# Tutorial 6

<br> <h1>The Boundary Element Method and CMISS</h1>

<p>We will now investigate the Boundary Element Method (BEM) for the solution of partial differential equations. This is discussed in Chapters 3 of the <a href="/documentation/course_notes/fembem_notes/" target="new">FEM/BEM Notes</a>.</p>

<h1>Simple BEM Problem</h1>

<p>The first problem we will consider is that of solving Laplace's equation inside a circle. Run through <a href="http://cmiss.bioeng.auckland.ac.nz/development/examples/3/32/321/index.html" target="new">example_321</a>.

You will need to: <ul>

<li> Define a <b>BOUNDARY ELEMENT</b> basis function. If you get the error "<b>>>ERROR: >>Not a boundary element basis</b>" then you have not defined a correct basis function. <b>Note:</b> the second question you will be asked is not the default answer of 1 (the default answer will define a Finite Element basis function. <li> Define the elements <li> Define the boundary conditions <li> Define the solution methods <li> After the problem has solved you can draw the solution field on the mesh using the command "fem draw field"

</ul>

<center> <img src="321.jpg" width="200"/>    <img src="321_field.jpg" width="200"/> </center>

<h1>Comparison of FEM and BEM</h1>

<p>We will now compare the BEM to that of the familiar Finite Element Method (FEM).</p>

- <ul>
- <li> The problem we will analyse is that of finding the steady state temperature distribution inside an annulus of inner radius 1 and outer radius 2. <li> The governing equation is Laplace's equation and the boundary conditions are a prescribed temperature distribution on the inside of the annulus, and a no-flux condition on the outside of the annulus. <li> The problem will be solved first using the FEM with 16 2D bilinear elements, and then using the BEM with 32 1D linear elements (16 on each circle). <li> In both cases, the number of degrees-of-freedom for the problem are the same (i.e. 32).

</ul>

<p>First run through the FEM simulation using <a href="http://cmiss.bioeng.auckland.ac.nz/development/examples/3/31/312/index.html" target="new">example_312</a>. Then run through <a href="http://cmiss.bioeng.auckland.ac.nz/development/examples/3/32/324/index.html" target="new">example_324</a>, the BEM simulation.</p>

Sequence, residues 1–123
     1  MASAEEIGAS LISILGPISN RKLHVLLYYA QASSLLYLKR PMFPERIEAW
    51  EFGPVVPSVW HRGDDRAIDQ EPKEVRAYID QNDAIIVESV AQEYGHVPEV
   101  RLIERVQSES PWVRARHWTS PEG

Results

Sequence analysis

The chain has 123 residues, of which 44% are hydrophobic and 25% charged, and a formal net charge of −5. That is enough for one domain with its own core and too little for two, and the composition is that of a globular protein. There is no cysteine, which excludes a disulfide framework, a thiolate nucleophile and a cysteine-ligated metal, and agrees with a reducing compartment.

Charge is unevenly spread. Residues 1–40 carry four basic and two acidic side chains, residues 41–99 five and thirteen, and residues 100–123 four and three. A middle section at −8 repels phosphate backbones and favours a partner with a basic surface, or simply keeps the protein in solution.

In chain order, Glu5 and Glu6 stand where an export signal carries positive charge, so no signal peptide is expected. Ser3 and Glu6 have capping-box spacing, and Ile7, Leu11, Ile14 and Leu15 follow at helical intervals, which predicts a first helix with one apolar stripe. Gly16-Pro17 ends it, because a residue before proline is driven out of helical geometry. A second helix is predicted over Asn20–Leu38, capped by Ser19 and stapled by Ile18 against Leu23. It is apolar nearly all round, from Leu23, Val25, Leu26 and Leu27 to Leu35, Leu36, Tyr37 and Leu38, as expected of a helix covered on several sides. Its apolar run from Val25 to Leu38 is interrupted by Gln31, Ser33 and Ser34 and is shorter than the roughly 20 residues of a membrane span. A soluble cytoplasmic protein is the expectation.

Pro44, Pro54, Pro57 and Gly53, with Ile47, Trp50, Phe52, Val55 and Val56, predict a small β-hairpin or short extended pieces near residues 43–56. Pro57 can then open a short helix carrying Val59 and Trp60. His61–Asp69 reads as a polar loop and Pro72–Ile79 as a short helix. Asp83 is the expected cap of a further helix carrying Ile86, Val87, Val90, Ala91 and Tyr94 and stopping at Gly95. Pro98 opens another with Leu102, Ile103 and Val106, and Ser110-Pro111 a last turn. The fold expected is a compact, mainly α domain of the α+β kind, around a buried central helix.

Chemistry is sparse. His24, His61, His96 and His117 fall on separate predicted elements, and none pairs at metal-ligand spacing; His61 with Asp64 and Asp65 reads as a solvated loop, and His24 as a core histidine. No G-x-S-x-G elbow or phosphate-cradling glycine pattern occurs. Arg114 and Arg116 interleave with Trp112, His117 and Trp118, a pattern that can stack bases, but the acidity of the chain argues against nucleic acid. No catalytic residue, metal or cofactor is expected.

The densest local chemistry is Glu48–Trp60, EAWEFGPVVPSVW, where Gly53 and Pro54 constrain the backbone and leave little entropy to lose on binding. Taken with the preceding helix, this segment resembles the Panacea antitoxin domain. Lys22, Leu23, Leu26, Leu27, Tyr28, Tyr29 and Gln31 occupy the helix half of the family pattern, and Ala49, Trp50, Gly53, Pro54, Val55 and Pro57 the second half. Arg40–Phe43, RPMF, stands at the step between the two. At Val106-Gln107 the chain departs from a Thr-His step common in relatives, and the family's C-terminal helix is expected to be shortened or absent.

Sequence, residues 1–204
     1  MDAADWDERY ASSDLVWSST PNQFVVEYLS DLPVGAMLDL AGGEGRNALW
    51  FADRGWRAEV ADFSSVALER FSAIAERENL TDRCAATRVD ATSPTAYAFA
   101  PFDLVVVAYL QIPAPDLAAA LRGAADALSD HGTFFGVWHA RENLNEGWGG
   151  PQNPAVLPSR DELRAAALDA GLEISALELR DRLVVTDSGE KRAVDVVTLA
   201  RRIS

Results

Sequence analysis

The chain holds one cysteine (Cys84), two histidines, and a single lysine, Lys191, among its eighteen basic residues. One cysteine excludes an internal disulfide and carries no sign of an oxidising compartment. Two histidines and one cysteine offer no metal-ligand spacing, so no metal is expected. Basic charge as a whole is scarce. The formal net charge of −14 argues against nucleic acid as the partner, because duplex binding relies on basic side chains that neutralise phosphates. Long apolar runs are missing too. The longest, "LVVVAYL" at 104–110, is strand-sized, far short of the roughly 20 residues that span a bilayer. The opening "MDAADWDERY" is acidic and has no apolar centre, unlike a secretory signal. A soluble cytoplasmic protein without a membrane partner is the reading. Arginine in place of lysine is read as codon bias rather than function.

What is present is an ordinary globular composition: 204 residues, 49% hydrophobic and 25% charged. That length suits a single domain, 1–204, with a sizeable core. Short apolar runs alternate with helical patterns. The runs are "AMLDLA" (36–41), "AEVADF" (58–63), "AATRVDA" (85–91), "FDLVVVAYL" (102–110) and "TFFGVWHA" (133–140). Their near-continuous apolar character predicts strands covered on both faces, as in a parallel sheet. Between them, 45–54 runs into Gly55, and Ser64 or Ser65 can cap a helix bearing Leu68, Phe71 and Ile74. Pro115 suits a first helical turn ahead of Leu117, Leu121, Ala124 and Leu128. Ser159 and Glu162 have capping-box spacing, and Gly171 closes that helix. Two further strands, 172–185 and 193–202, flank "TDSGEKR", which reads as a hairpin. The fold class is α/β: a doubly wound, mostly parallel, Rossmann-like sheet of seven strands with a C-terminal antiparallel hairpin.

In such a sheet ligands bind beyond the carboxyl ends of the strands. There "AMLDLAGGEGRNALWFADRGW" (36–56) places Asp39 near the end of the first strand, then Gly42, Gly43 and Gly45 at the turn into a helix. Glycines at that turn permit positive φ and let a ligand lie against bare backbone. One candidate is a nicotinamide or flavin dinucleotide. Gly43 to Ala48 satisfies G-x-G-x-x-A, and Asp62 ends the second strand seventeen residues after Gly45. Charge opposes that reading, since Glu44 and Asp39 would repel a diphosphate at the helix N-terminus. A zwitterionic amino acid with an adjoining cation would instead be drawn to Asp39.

<center> <img src="312.jpg" width="200"/>     <img src="324.jpg" width="200"/> </center>

<p>Compare the values of temperature obtained on the outer circle and the values of flux obtained on the inner circle. How are the values of flux on the inner circle from the BEM related to those obtained using the FEM?</p>

<h1>Cavity Problem</h1>

<p>We will now investigate the problem of finding the steady state water distribution arising from a water filled cylindrical cavity buried deep underground in a porous medium. This is a classic example were the BEM is more appropriate for the problem. If the FEM were to be used, the entire solution domain (i.e. all of underground) would have to be modelled and meshed. Using the BEM, only the boundary of the domain (i.e. the boundary of the underground cavity) needs to be discretised.</p>

<p>The governing equation for this problem is the modified Helmholtz equation, i.e. del-squared *H* = *s*^2 *H*, where *s* is the non-dimensionalised radius of the cavity, and *H* is the dependent variable related to the saturation of the soil.</p>

<p>In this case, *H* = *t* exp {*s* *y*} where *t* is the saturation of the soil (i.e. *t* = 0 when the soil is dry and *t* = 1 when the soil is fully saturated with water), and *y* is the vertical distance (measured downwards i.e. in the direction of gravity) from the center of the circular cavity. The boundary conditions are thus *t* = 1 around the cavity (or rather the equivalent in terms of the solution variable *H* = exp {*s* *y*} ) and *t* = *H* = 0 at infinity.</p>

<p>Run through <a href="http://cmiss.bioeng.auckland.ac.nz/development/examples/3/32/325/index.html" target="new">example_325</a> to solve this problem.</p>

<center> <img src="325.jpg" width="200"/> </center>

<hr> <p><b><a href="http://cmiss.bioeng.auckland.ac.nz/cgi-bin/lab-question-form.cgi?stage=1&laboratory=6" target="new">Tutorial 6 Quiz</a></b> | Tutorial 5</p> <hr>